Wednesday, 2 November 2016

Bildeston, Suffolk

It is immediately obvious that something odd is going on at St Mary, first the tower, with an unlikely spire, looks wrong and then to the north west of the graveyard is a large pile of rubble. All becomes clear on entering the church where an explanatory note tells the tale of the tower collapse on Thursday 8th May 1975; it was not rebuilt until 1997.

A large building remote from the village which I found, perhaps because of repairs subsequent to the tower collapse, to be soulless which is a shame because it has several elements that should make it grand but the sum of the whole is disappointing.

ST MARY. The church is on a hill outside the village. Dec chancel with inventive five-light E window. Dec N aisle E window with reticulated tracery. Tall Perp W tower. The W doorway big with three niches over. Large Perp aisle windows with segmental arches. Clerestory with twice as many windows as bays of the arcade. S porch with flushwork, entrance with fleuron decoration. The S doorway is excellently decorated with crowns, shields, etc. Hood-mould on seated lions. Spandrels with shields. The arcade of five bays has piers with four filleted shafts and small spurs without capitals in the diagonals. The abaci have rows of small busts or leaf motifs. Many-moulded arches. No chancel arch. Roof with alternating tie-beams and hammerbeams. - FONT. Octagonal, Perp. Damaged stem. Bowl with the four Signs of the Evangelists and four demi-angels. - Wooden BALCONY from the upper storey of the porch to the aisle. - COMMUNION RAIL. Slim turned balusters. - STALLS with simple MISERICORDS, heads, etc., all defaced. - STAINED GLASS. E window by Wailes & Strang, 1874 (TK). Scenes only in the tracery heads. - One S window by Kempe, 1892. Typical of his early work. - PLATE. Elizabethan Cup; Paten of 1639; Cup of 1780. - BRASS. William Wade d. 1599 and wife (wearing a hat).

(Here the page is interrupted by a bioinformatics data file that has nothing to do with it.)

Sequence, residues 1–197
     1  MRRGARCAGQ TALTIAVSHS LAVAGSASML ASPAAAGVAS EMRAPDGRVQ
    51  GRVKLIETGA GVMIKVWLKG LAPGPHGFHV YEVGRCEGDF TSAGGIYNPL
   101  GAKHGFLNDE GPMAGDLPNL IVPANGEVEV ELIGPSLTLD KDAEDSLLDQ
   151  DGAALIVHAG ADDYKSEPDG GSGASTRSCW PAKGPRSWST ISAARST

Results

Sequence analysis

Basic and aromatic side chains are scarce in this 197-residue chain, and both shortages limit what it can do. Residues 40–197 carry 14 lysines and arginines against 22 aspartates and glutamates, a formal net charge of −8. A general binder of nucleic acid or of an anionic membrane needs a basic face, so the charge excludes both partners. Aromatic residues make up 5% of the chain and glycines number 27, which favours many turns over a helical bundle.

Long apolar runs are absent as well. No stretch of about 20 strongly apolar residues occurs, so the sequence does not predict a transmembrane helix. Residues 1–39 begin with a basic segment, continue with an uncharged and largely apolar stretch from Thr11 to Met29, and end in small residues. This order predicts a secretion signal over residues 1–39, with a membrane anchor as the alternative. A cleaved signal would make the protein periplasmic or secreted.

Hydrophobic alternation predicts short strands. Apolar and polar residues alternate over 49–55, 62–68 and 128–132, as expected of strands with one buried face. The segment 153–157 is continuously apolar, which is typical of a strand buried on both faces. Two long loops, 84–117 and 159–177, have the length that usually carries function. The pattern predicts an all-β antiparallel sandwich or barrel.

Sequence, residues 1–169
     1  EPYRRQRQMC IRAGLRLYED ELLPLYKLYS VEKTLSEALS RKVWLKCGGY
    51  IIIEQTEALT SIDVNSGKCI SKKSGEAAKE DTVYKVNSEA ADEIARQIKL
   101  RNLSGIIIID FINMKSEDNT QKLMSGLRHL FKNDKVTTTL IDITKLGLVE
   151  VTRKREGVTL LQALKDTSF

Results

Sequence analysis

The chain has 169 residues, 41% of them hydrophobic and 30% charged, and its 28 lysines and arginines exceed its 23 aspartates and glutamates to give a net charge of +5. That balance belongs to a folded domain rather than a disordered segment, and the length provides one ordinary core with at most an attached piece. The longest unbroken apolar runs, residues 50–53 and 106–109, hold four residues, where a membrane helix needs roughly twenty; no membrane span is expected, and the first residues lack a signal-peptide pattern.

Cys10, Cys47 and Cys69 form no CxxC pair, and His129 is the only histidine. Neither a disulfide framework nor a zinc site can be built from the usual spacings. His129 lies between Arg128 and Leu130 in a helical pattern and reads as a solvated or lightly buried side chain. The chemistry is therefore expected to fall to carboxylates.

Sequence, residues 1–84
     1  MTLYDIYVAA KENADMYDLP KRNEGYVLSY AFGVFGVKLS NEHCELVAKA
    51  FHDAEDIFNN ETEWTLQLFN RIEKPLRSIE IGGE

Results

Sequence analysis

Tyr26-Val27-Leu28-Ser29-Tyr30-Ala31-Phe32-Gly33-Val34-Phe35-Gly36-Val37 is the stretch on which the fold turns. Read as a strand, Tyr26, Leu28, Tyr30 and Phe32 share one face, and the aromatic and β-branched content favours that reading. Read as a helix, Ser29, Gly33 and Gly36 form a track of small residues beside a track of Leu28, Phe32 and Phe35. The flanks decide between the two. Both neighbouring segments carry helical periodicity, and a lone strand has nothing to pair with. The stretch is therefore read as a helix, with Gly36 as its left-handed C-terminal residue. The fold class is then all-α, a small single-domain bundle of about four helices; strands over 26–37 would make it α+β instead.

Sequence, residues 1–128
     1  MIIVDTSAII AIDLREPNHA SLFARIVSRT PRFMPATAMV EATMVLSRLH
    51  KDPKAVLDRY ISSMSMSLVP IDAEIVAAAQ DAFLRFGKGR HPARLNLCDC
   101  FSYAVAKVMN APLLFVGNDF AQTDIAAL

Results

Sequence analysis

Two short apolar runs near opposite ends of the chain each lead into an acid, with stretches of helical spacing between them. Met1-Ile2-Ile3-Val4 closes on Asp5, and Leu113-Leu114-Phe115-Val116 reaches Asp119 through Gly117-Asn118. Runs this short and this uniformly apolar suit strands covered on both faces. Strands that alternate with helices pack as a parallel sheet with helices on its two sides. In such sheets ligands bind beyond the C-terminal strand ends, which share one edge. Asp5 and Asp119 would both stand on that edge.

South door (1)

C15th head in N aisle

Lady chapel reredos (5)

BILDESTON. One of Suffolk’s pleasant little towns, it has some fine old timbered buildings and was once famous for its cloth and blankets. Its church away on a hill is surprisingly big and lofty, and is mostly 500 years old, though the lower part of the tower is a century older still. There is a mass dial. Much carving the church has in wood and stone, a doorway with lions, crowns, and an angel, a beautiful old door with tracery and birds, a huge old font with angels and symbols of the Evangelists and tiny battered human figures, and lofty arcades with men and women and angels. The old altar rails are gracefully turned, and near by are some old stalls with poppyheads still fine, though the carvings on their tip-up seats are badly damaged. An attractive south porch has a room above leading to a little wooden gallery in the nave.

Here in brass are portraits of Alice Wade and her children, wearing the clothes in which they came to worship in Shakespeare’s day. Alice has a brocaded petticoat, the sons are in cloaks and ruffs, and the daughters are wearing high hats. More exciting for its memories is the stone to Captain Edward Rotherham, who sleeps outside, where the wind blows over him as it blew through the rigging of his ship. He was with Lord Howe in the victory of the famous First of June; and was in command of the Royal Sovereign at Trafalgar, well and truly doing the duty England expected of him.

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